Steve ends this section with some disarmingly frank advice about playing the long game:

Being a pro may be a labor of love, but is labor nonetheless. It is a job. Usually it is a fun job, but not always…Very few in our craft are ever in the position to turn down work. Some jobs are ones you desperately want---others you don’t want, but take just for the payday. In my lifetime I’ve given tens of thousands of performances. Some were great. Most were good. Some were bad. A few were really bad.

And then Steve goes on to say how he saves himself when things go South.

I really should stop the review here, because the book I've described so far is worth every penny to a person who repeatedly gets onstage for a living.

But duty says, continue. And it's not really a duty, it's a pleasure. Because the second half of the book consists of some unpublished wonderful routines from Steve's repertoire, with their full scripts. It includes "The Mindreading Goose"---"Not bad for a goose!"; and "Broken Mirror," a spirit slate routine done without slates, suitable for your favorite spooky holiday; then a lovely sleight of hand interlude done with a Cub Scout neckerchief slide; and a brilliant Torn and Restored routine that can be customized for special occasions. They are all effects that although not overly elaborate can play big and funny for a large audience.

But my favorite routine here is Steve's version of the Slydini "Paper Balls Over The Head." The piece should win some kind of award for the most brilliant comedy magic script of the decade. This thing is a comic masterpiece. This is one to bring down the house. Okay, remember what I said about the first half of the book being worth every penny? Forget that. Because for the right person, this script alone is worth every penny. Seriously. It could be a reputation maker.

Overall, the book is bursting at the seams with fantastic performance advice and magic routines. I can't recommend it highly enough. The icing on the cake is a back cover photo of Dai Vernon that I assure you, will have you laughing out loud.

You've got an uncle in the business. His name is Steve Spill, and he's telling you everything he knows. Thank you, Steve, for one of the most entertaining and useful books of magic I've ever read.

You can order it at https://stevespill.com/products/magic-is-my-weed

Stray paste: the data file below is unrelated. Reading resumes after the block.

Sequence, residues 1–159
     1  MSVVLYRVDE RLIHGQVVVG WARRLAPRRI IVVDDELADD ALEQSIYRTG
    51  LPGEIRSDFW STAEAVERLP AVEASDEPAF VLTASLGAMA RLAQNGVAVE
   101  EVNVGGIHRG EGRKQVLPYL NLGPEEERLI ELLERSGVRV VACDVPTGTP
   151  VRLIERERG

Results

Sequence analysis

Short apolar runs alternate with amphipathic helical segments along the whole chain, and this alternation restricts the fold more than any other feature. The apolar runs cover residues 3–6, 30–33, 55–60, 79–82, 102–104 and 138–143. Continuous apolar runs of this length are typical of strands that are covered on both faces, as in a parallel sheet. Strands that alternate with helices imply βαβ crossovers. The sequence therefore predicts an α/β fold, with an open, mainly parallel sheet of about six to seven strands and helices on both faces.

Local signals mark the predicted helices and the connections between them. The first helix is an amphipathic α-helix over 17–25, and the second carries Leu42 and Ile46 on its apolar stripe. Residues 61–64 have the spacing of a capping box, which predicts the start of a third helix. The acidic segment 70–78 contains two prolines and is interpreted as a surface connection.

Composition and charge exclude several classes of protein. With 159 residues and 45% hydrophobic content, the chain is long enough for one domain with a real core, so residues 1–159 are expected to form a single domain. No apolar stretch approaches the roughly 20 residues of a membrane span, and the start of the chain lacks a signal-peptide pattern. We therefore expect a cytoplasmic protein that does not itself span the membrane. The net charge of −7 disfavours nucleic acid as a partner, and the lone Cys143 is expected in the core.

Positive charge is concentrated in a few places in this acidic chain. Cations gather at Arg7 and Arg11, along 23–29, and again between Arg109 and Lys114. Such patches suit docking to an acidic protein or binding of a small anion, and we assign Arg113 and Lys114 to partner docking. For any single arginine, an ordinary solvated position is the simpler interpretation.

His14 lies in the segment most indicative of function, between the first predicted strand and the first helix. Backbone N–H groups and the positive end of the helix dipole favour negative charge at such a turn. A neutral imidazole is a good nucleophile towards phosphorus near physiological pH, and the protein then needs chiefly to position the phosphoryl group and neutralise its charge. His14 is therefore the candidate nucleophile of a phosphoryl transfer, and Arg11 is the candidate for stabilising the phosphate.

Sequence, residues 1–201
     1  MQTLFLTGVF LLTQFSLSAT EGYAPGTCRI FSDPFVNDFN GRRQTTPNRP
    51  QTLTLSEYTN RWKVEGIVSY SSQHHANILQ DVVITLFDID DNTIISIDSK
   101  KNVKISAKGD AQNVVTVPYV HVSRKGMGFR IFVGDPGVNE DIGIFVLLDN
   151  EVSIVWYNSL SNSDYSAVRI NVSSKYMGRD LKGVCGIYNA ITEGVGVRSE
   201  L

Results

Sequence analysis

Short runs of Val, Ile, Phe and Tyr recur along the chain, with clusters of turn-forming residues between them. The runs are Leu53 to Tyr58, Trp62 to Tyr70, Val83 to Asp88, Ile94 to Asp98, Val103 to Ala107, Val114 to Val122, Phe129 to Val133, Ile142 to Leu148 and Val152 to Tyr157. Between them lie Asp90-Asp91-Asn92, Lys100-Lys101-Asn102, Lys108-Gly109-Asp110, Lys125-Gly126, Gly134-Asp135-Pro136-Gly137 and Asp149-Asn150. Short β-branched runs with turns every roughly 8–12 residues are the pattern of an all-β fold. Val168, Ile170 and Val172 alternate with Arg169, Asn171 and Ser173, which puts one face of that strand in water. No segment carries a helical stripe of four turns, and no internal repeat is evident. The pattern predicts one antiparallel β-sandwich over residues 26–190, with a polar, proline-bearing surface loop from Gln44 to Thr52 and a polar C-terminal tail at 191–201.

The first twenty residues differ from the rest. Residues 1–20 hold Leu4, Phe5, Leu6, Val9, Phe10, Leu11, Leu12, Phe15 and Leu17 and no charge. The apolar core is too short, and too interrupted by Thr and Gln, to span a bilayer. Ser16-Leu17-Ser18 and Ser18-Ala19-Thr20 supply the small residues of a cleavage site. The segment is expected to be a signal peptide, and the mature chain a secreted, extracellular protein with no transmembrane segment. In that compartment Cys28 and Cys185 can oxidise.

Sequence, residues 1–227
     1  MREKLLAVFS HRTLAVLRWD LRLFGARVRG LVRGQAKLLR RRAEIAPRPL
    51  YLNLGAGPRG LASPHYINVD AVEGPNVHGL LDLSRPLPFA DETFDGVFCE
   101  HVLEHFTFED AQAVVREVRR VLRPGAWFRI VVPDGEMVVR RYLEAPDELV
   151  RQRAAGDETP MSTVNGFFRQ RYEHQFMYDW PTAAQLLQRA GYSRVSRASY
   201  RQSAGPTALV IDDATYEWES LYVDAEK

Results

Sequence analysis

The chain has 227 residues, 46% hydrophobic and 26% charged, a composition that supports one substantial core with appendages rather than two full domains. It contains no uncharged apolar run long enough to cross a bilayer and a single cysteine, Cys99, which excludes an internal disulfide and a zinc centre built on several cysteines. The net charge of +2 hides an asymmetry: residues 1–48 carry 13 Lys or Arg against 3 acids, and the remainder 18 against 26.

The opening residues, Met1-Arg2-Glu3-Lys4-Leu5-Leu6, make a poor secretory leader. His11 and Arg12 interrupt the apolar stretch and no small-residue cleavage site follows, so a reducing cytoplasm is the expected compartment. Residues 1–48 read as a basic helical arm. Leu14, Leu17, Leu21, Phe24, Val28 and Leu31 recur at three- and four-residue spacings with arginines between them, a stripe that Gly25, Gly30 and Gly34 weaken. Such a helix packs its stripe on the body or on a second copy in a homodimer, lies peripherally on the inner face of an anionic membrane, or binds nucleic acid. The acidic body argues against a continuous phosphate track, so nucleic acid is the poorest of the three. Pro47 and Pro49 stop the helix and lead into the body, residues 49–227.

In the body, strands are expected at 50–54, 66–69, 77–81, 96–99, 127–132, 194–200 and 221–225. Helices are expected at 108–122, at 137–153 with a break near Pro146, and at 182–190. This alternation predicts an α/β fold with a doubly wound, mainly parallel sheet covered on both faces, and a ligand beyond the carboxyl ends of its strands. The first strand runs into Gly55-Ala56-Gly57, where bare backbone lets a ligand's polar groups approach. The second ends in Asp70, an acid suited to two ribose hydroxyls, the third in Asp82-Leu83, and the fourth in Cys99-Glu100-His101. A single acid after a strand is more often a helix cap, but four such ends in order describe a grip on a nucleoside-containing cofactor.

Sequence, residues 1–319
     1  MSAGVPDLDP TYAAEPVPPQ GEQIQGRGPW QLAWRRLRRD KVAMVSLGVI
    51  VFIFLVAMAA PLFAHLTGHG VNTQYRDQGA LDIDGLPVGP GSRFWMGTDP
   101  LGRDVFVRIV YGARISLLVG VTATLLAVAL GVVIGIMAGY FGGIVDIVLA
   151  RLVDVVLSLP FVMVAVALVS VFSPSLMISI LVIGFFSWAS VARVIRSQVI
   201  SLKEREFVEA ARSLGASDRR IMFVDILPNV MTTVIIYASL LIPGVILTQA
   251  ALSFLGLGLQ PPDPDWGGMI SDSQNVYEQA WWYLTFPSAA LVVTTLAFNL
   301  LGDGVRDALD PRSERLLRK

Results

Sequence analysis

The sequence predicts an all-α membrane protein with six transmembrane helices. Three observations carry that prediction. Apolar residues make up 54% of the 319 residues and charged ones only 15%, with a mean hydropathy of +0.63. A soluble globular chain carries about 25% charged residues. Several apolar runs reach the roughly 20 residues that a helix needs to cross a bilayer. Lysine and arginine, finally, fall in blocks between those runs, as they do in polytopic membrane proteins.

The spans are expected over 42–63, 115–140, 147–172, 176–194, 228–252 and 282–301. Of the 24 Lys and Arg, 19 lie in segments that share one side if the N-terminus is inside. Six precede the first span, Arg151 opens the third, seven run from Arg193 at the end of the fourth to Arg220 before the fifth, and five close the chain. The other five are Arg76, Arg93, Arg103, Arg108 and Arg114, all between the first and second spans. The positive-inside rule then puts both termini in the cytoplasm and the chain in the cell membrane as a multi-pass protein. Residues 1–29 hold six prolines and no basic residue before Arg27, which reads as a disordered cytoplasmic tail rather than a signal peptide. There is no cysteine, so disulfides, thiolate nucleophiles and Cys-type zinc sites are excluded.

Jack Shalom |September 7, 2019 at 12:02 am |Tags: book, comedy, magic, Magic Is My Weed, magicians, performance, stage magic, stand up magic, Steve Spill |Categories: Books, Comedy, Life, Magic, Performance, Theatre, Writing |URL: https://wp.me/p5hWXS-5Om
markmiller
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steve spill
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Pre-publication sale price ends 9-25-19
JANY IAN SWISS “I simply don’t know of a better book of real-world counsel on what it takes to perform professionally on stage, to make a living at it, and to be funny in the process.”

JAMY IAN SWISS REVIEW
https://www.magicana.com/news/blog/magic......4chymUrk

JACK SHALOM REVIEW
https://jackshalom.net/2019/09/07/high-t......e-spill/

Hasn’t indecision ruled your life long enough? Take a stand and buy this groundbreaking inspirational manifesto now. stevespill.com
steve spill
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NEW MAGIC CIRCLE WEED REVIEW.

Magic Is My Weed by Steve Spill, Magic Concepts, Santa Monica, www.stevespill.com, 2019; hb, 6” x 9”, 236 pp., $150 including international carriage.
A short while back I enthused greatly over the prequel to this: the author’s ‘How To Make Love The Steve Spill Way’. Such was my unabashed zest for that volume that I gushed, “There are woefully few books for the stand-up comedy magician: itself a dying breed as performing conditions increasingly favour the close-upper. This is at heart (and this book has a big heart) a love song for the parlour/stage comic performer, doubling as a lesson in scripting, routining and theatricality”. Steady on there: but it applies largely to this volume too.

This is very much Volume Two of a concatenation: it offers up a mirror to its predecessor. So you will find a combination of entertaining, insightful autobiographical details and quirky commercial routines that will resonate with readers of the ‘Love…’ book.

This wisecracking hippie speaks for most of those of us with the presumption and neediness to stand up in front of strangers and seek their unalloyed approval when he admits: “There is no more thrilling feeling then the sound of people who are surprised and clapping and cheering – it acts like a drug. It is my weed”. To his credit, few are prepared to go to such lengths to fish for that level of public approbation than Spill; some of the routines (in both books) are not only idiosyncratic but entail him going to unusual lengths to concoct a routine.